Partly Right: Learning from the Critics of Christianity
|Rating||:||4.45 (753 Votes)|
|Number of Pages||:||224 Pages|
Campolo explores the background and claims of the major critics of bourgeois Christianity from the late 19th and early 20th centuries. As Christians, we should be aware not only of their misconceptions, but also of their truths. Marx…Kierkegaard…Nietzsche…Freud…If we do not learn from them, it may be at our own peril.In Partly Right, Dr. Stepping into the roles of these intellectuals, he argues their points, their views, and their complaints about the middle-class societies spawned by Protestantism. This book is designed to analyze the criticisms of its enemies, test their validity, and explain why bourgeois religion has survived them.".A Tony Campolo Classic!. Campolo clearly and rationally shows both pros and cons of the critic's theories. Campolo says, "Middle-class Christianity shows no signs of dying
Tony Campolo (Ph.D., Temple University) is professor emeritus of sociology at Eastern University in suburban Philadelphia, a media commentator on religious, social, and political matters, and the author of a dozen books, including Revolution and Renewal, Let me Tell You a Story, and 20 Hot Potatoes Christians Are Afraid to touch.
. About the Author Tony Campolo (Ph.D., Temple University) is professor emeritus of sociology at Eastern University in suburban Philadelphia, a media commentator on religious, social, and political matters, and the author of a dozen books, including Revolution and Renewal, Let me Tell You a Story, and 20 Hot Potatoes Christians Are Afraid to touch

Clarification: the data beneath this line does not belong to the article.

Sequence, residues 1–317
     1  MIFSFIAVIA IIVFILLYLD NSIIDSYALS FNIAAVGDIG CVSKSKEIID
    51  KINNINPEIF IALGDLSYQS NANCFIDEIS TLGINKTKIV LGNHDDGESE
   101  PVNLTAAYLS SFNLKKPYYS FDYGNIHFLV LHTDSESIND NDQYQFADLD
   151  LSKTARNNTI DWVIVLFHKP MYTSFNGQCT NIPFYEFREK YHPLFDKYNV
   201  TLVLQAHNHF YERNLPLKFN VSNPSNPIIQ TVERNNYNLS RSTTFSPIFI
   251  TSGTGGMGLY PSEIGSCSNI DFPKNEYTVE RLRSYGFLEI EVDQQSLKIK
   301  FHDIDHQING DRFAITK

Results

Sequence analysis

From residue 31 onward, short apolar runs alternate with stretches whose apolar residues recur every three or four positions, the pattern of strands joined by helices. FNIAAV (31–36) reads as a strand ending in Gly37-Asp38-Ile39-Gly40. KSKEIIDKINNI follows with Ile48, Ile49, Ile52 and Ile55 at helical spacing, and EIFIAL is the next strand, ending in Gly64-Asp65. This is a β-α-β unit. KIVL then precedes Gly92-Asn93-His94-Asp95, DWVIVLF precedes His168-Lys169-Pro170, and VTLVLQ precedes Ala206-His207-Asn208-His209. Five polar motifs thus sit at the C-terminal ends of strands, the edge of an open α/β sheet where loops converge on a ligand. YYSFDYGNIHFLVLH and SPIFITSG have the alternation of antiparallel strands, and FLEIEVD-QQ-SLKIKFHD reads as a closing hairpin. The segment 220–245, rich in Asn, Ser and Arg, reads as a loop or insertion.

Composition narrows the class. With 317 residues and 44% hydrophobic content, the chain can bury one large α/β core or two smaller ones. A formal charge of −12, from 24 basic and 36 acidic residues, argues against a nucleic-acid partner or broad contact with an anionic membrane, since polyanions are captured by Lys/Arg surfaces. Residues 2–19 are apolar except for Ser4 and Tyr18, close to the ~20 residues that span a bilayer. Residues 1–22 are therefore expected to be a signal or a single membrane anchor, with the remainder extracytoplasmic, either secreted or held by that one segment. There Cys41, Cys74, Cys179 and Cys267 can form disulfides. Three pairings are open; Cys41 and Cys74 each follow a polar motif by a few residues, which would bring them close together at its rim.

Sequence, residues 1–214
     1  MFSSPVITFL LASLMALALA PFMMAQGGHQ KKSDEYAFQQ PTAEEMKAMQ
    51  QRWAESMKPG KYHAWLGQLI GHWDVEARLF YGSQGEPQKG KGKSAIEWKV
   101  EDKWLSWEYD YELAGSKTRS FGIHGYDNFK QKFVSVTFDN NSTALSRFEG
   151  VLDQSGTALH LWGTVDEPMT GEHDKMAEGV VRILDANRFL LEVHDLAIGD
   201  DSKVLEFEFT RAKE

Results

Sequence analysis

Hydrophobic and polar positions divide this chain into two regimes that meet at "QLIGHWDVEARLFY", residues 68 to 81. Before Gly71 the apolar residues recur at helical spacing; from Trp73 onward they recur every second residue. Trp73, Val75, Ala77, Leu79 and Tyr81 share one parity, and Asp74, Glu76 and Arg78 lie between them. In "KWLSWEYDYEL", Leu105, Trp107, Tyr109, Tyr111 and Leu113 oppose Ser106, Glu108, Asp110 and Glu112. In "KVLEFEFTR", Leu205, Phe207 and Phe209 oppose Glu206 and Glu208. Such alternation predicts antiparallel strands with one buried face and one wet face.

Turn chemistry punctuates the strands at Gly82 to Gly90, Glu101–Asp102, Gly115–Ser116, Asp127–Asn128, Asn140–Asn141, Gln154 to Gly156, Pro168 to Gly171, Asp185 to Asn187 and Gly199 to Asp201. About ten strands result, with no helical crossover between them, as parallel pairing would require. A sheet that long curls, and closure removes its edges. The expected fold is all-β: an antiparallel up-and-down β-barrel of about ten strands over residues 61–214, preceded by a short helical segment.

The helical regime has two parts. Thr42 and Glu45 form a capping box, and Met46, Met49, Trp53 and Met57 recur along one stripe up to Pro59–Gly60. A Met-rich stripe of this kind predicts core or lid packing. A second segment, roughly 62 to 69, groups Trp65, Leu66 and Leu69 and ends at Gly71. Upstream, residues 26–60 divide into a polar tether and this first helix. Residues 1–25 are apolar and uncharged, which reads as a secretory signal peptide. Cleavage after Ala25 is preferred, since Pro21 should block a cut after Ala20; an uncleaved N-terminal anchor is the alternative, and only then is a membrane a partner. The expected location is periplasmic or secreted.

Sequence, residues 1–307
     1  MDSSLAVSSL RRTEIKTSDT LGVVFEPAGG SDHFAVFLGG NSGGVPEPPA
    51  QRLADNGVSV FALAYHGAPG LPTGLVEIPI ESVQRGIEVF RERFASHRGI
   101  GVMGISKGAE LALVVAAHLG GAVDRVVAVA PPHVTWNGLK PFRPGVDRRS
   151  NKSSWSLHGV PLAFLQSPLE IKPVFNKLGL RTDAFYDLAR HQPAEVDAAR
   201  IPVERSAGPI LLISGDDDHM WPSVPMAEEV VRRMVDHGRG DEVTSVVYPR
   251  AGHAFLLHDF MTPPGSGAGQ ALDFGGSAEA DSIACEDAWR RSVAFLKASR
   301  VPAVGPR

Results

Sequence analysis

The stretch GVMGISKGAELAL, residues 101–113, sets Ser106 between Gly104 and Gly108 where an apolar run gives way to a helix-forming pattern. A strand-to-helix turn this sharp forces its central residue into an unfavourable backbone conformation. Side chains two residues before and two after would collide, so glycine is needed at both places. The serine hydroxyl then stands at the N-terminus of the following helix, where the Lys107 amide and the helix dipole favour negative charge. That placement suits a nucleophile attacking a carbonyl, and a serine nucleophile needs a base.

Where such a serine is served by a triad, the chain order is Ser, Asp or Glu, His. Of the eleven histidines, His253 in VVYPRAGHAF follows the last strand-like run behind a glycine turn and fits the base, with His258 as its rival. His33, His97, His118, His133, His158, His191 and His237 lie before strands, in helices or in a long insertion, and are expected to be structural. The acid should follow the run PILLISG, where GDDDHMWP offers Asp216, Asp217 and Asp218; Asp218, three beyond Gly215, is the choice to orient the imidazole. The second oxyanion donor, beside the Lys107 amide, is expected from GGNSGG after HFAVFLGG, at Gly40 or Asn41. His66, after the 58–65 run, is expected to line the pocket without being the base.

Examining "bourgeois Christianity." "We will do well to use the valid aspects of [the criticism] of bourgeois Christianity to purge ourselves of those accretions to our faith that are alien to the essence of the biblical message and only serve our middle-class interestsIf we do not learn [from these criticisms], we will fail to avail ourselves of the insights of our most honest criti. Cipriano said Another gutsy Campolo book for the choir.. Campolo says "A religious group matures and improves only by correcting its flaws, and usually the enemies of that group can help it to see those flaws better than its friends can." This idea is the force behind the whole flow of "Partly Right" and since I am in up-front agreement with Campolo's premise, I found his entire argument to be quite comp. Michael J. Wells said Campolo's most important book. I highly reccommend Partly Right to thoughtful Christians, or would-be-Christians. Great summaries of philosophies that challange the faith, and a great challenge to Christians.